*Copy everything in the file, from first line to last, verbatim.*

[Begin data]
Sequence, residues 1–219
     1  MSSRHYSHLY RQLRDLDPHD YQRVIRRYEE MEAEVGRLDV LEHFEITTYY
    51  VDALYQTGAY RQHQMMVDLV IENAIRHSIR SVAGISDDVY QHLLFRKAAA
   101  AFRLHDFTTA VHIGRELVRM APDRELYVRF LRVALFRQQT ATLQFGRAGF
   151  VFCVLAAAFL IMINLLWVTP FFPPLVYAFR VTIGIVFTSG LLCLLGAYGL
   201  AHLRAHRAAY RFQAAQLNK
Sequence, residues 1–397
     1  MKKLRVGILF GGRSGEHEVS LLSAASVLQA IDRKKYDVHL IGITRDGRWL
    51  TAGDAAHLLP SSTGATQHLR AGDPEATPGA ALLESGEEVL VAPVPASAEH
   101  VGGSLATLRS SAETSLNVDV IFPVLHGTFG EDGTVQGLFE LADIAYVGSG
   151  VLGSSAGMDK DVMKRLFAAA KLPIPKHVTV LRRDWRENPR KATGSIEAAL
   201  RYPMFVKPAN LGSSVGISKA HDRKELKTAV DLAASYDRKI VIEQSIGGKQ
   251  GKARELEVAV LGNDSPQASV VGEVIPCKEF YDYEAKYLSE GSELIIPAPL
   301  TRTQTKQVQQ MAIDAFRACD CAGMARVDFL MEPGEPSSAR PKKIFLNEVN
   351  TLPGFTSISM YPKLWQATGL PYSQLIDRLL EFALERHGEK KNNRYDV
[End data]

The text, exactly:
Sequence, residues 1–219
     1  MSSRHYSHLY RQLRDLDPHD YQRVIRRYEE MEAEVGRLDV LEHFEITTYY
    51  VDALYQTGAY RQHQMMVDLV IENAIRHSIR SVAGISDDVY QHLLFRKAAA
   101  AFRLHDFTTA VHIGRELVRM APDRELYVRF LRVALFRQQT ATLQFGRAGF
   151  VFCVLAAAFL IMINLLWVTP FFPPLVYAFR VTIGIVFTSG LLCLLGAYGL
   201  AHLRAHRAAY RFQAAQLNK
Sequence, residues 1–397
     1  MKKLRVGILF GGRSGEHEVS LLSAASVLQA IDRKKYDVHL IGITRDGRWL
    51  TAGDAAHLLP SSTGATQHLR AGDPEATPGA ALLESGEEVL VAPVPASAEH
   101  VGGSLATLRS SAETSLNVDV IFPVLHGTFG EDGTVQGLFE LADIAYVGSG
   151  VLGSSAGMDK DVMKRLFAAA KLPIPKHVTV LRRDWRENPR KATGSIEAAL
   201  RYPMFVKPAN LGSSVGISKA HDRKELKTAV DLAASYDRKI VIEQSIGGKQ
   251  GKARELEVAV LGNDSPQASV VGEVIPCKEF YDYEAKYLSE GSELIIPAPL
   301  TRTQTKQVQQ MAIDAFRACD CAGMARVDFL MEPGEPSSAR PKKIFLNEVN
   351  TLPGFTSISM YPKLWQATGL PYSQLIDRLL EFALERHGEK KNNRYDV